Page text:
Irish breeders have contributed almost €40 million through the foal levy since it was introduced in 2000. What have Irish breeders got to show for this huge investment? I certainly haven’t received any help.
Well done to Gerry Callanan for highlighting the thoroughbred foal levy rip-off in his recent letter.Also Read: Letter to the editor: Levies for horse breeders are ‘unjust and unfair’
The Irish Thoroughbred Breeders’ Association (ITBA), which is supposed to be fighting our corner, has received approximately €10 million from the foal levy to run its set-up since the levy was introduced. Again, I can’t think of anything constructive it has done to help the breeders of Ireland.
I will take Mr. Callanan’s advice and register my foals without paying the foal levy, until the people that are getting all of this money start working for us.
From Thomas Stanley, Co. Carlow
‘Why is the equine sector treated differently?’
In the aforementioned ‘letter to the editor‘, Gerry Callanan offered his opinion of the imposition of the foal levy.
Weatherbys Ireland is the organisation that registers thoroughbred foals. Weatherbys collects this levy at the point of registration, which it then receives a fee for. Breeders are under the misconception that they must pay this levy when registering a foal.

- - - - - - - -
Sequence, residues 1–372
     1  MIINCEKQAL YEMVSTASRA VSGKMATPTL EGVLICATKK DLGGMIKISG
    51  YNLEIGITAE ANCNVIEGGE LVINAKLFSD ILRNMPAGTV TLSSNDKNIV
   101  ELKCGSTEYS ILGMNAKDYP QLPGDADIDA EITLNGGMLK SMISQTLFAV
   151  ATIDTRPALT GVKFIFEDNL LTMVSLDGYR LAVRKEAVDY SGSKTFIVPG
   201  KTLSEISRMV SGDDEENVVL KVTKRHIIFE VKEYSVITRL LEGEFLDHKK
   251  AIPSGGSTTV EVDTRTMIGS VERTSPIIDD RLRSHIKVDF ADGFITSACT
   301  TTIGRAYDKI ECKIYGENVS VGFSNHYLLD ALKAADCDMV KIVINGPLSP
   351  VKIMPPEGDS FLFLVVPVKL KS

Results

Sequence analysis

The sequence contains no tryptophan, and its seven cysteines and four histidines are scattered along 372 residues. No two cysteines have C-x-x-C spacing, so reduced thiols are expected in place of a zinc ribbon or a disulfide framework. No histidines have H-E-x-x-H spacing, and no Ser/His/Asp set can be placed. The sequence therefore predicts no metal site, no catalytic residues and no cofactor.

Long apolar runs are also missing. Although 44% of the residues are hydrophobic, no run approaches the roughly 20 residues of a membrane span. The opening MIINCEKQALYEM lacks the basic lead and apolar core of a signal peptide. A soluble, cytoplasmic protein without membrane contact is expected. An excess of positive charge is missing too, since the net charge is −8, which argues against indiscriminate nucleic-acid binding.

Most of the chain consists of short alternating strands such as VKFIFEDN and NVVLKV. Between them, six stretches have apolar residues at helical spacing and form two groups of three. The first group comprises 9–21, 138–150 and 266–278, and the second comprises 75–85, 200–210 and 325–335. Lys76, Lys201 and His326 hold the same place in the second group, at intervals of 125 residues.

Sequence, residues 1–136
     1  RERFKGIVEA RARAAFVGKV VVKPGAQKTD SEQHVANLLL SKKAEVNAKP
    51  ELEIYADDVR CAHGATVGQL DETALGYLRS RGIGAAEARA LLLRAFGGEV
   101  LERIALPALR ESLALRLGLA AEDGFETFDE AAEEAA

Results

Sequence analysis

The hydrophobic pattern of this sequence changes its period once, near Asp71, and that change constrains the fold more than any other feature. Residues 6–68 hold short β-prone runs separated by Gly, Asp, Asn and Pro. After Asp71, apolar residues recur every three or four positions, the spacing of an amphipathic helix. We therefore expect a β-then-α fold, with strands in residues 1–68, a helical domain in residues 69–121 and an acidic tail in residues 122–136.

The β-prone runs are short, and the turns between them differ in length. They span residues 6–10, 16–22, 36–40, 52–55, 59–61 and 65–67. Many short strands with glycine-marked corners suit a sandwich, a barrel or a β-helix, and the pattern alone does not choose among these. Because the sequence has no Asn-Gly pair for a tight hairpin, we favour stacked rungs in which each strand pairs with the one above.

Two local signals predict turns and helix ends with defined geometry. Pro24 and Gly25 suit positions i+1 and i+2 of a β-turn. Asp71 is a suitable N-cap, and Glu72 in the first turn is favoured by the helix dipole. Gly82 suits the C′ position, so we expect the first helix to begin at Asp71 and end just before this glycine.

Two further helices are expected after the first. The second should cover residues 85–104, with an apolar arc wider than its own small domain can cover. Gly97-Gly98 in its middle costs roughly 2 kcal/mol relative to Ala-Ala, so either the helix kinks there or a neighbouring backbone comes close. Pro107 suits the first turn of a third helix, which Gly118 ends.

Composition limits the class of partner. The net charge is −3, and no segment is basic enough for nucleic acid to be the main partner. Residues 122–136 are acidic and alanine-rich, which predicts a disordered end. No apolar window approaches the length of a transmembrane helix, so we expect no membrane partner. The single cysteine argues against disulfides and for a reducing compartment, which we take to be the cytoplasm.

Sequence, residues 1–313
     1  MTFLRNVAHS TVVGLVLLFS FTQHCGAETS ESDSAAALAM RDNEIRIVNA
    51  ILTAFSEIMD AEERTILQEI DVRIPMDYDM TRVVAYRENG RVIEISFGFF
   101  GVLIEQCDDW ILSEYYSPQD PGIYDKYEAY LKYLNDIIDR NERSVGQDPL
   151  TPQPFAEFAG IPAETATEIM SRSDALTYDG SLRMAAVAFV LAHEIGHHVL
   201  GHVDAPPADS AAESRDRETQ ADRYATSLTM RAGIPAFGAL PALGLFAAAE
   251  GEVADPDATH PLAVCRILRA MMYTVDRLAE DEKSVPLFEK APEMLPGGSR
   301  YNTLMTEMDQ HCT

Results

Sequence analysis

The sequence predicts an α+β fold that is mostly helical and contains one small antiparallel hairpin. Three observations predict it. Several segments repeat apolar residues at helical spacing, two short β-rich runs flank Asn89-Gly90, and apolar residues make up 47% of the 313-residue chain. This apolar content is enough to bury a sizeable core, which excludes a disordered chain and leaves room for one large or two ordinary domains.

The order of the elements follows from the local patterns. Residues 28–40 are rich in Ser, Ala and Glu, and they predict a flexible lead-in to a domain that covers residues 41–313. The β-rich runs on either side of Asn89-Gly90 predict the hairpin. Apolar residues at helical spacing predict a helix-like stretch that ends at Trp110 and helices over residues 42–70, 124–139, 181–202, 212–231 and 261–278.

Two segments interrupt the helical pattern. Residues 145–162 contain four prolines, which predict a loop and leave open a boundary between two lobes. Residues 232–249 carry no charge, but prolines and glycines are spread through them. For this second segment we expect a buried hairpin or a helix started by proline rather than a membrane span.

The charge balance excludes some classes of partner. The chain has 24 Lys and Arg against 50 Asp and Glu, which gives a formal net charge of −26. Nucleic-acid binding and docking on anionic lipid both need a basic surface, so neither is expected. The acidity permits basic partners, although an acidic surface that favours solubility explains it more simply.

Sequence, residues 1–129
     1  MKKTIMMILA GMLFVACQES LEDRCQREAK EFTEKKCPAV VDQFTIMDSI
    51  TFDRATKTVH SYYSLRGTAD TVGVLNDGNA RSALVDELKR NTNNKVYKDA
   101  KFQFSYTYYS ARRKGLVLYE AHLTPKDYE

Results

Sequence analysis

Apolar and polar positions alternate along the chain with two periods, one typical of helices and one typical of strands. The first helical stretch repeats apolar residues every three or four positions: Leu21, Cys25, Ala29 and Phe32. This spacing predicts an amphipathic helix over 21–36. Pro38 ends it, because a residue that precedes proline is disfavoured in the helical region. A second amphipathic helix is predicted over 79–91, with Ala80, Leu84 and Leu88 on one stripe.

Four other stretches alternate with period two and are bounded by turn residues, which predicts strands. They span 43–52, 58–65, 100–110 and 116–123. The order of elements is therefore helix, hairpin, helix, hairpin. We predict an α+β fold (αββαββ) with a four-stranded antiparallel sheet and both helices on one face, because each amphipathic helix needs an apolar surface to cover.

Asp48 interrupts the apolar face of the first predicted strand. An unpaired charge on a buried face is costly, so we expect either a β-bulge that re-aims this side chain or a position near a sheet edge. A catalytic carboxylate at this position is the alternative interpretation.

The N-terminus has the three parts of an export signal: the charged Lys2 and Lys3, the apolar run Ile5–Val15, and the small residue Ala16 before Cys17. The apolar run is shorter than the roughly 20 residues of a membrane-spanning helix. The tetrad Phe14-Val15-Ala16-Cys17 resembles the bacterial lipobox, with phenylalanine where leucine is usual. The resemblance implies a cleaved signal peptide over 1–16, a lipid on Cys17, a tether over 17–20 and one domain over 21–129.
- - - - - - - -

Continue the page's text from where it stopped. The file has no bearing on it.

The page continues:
Once you ‘blood’ and ‘chip’ your foal and submit your registration forms along with a fee, Weatherbys must issue you with a passport that, in turn, must accompany every horse where it resides. Then it is up to Horse Racing Ireland (HRI) to collect the levy.
The foal levy is distributed between a number of organisations, including: the Irish Equine Centre; Irish Thoroughbred Breeders Association (ITBA); and Irish Thoroughbred Marketing (ITM).
The Irish Equine Centre, who is a not-for-profit organisation, does some great work but it doesn’t just work for breeders. Yet, it seems, only the breeders contribute through the levy.
We have suggested several times that the fairest way is to collect a 1% levy at the point of sale, because everyone in the industry here in Ireland sells a horse at some stage. All other levies in the agricultural sector, from what I can see, are collected at the point of sale. Why is the equine sector treated differently?